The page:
There are logical problems with practical induction, notorious since Hume. That we nonetheless freely (and even over-freely) constantly make use of it, might suggest that it reflects merely an innate disposition, reinforced because often successful (the world being, contingently, the way it is), thus logically on a par with the inveterate conviction of salmon that they need to swim upstream and spawn – which also usually works. So let me creep up on it genetically, via something at least similar to the notion of induction, which I did not always take for granted (hence its eventual attainment may count, albeit marginally, as an Idea).
For Parents Night, our third-grade teacher put samples on the blackboard of multiplication problems mastered by her class. Everyone in the class could multiply a one-digit number by a one-digit number, she explained; eighty percent could multiply a two-digit number by a two-digit number, and one pupil (unnamed, but in fact your correspondant) could multiply a three-digit number by a three-digit number. Not unnaturally proud of this accomplishment – which already was my first glimmering of an idea not widespread in the lowest-common-denominator society of primary school, viz. that individual abilities might differ – I jauntily asked my father, How many digits can *you* multiply?
The response I expected was something like “five” (he being an adult), or even “seven” (he being a scientist), or maybe even “ten” (what a special Dad!). Instead he looked puzzled, even embarrassed. It was not, he said, a well-defined question. Multiplying numbers of *any* length was just a small homogeneous step up from multiplying slightly shorter numbers. In practice you might become confused, and have to carefully write things down and check your work (indeed there *is* an individually varying limit as to how formidable a pair of numbers one can multiply in one’s *head*, but that was not the ability under discussion); yet in principle there was no limit to it, just as there wasn’t any highest number one could count to: if you make it as far as n, you can get to n + 1.
Now, he didn’t explain it quite as clearly as that, I imagine, but whatever it was he did say triggered a flash of insight in my small head. From that moment on I had a completely different attitude to arithmetic as taught, to school as conducted, even a different attitude towards knowledge and education in general. The teacher, from being an oracle, shrank to a small frail figure indeed. And the problems on the blackboard were no longer confined to their chalky two dimensions, but bored outward, into the void.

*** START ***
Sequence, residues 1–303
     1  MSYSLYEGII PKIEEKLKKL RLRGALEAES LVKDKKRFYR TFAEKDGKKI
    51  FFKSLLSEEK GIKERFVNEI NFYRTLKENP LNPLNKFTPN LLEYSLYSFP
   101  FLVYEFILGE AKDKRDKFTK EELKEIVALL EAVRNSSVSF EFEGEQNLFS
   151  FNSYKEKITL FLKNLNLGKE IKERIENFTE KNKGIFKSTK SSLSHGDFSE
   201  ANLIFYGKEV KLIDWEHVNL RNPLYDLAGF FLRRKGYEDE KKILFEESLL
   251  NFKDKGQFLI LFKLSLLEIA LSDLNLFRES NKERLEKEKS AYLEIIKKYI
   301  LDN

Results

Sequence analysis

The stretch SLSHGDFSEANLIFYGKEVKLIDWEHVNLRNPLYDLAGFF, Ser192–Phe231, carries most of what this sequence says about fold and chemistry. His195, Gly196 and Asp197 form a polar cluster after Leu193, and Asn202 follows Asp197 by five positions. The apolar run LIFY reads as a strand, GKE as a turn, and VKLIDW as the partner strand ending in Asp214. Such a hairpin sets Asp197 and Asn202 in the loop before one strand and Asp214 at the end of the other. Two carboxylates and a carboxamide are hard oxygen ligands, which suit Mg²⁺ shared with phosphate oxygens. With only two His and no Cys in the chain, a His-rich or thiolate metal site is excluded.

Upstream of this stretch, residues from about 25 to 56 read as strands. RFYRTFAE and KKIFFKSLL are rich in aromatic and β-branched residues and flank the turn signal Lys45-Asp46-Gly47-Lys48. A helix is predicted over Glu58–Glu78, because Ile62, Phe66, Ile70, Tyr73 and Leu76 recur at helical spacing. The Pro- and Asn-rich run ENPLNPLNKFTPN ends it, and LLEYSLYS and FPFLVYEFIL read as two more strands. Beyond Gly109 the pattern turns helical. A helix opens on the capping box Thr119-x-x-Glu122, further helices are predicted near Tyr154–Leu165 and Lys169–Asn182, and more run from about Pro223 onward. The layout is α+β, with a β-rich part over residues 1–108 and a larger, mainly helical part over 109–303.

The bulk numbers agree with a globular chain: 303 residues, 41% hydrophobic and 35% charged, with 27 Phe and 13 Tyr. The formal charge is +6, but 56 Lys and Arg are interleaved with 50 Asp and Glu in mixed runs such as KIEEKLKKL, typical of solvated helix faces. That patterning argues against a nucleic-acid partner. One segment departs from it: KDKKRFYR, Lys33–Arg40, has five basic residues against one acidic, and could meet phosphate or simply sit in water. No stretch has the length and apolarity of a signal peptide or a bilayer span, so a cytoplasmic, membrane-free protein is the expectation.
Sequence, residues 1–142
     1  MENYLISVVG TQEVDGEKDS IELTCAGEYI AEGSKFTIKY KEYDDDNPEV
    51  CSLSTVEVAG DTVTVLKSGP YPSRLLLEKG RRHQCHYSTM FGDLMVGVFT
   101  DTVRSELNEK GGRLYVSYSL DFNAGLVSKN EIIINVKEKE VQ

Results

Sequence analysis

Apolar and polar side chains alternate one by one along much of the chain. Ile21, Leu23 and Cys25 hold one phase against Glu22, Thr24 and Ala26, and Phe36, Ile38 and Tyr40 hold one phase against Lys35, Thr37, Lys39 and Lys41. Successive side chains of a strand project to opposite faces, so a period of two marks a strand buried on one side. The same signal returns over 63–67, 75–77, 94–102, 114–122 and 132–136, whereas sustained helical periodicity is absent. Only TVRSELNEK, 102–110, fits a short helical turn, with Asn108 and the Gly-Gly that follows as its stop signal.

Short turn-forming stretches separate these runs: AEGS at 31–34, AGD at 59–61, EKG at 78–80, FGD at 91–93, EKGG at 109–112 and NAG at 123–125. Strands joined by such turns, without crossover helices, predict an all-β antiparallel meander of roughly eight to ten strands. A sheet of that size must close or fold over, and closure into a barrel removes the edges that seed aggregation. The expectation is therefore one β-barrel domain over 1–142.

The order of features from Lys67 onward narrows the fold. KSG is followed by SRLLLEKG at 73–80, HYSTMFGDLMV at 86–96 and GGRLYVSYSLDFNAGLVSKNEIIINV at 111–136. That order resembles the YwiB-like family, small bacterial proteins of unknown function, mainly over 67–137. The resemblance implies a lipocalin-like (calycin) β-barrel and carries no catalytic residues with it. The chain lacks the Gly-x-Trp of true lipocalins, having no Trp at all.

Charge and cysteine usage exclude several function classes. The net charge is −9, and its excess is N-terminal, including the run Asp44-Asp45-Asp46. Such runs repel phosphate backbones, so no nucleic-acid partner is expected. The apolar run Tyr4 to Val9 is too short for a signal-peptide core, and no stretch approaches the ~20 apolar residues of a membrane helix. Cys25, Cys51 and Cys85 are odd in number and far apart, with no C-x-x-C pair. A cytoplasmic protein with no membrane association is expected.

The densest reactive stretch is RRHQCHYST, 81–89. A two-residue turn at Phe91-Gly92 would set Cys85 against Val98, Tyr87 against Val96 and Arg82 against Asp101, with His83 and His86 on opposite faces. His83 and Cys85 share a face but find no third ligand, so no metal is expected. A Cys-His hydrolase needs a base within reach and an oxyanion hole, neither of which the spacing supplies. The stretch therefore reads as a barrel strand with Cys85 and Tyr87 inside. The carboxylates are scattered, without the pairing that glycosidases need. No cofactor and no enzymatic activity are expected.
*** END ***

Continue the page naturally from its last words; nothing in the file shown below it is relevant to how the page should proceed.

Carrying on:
So far, there’s been no demonstration of an Idea beyond what we were born with, merely the application of same to phenomena initially conceived to be beyond its reach. That is, the child began by conceiving the multiplication of two-digit numbers and the multiplication of four-digit numbers to be as distinct as bipeds and quadrupeds, and we do not conceive six-legged insects and eight-legged spiders and octopuses to be some sort of inductive continuation of these. But by the time we have arrived at mathematical induction, there does seem to be something new under the sun. Given (by demonstration or observation) the truth of F(0), and proving that F(k) implies F(k+1), we suddenly, by these two little finite exercises, have access to an infinitity of truths, down to uncharted reaches of the sample space.
And lest you consider that elementary anecdote a mere trifle of childhood, the smooth and indefinite extensibility of multiplication being obvious to any mature mind,
consider this, from John von Neumann:
In an analogy machine [what we now call an analogical computer, when we call it anything at all, since these have largely fallen by the wayside -- ed.], a precision of 1 in 10^3 is easy to achieve; 1 in 10^4 somewhat difficult; ... 1 in 10^6 impossible …
In a digital machine, the above precisions mean merely that one builds the machine to 3,4,5, 6 decimal places … The transition .. gets actually easier …
--- quoted in James R. Newman, ed. World of Mathematics (1956), p. 2077
Compare further this parable: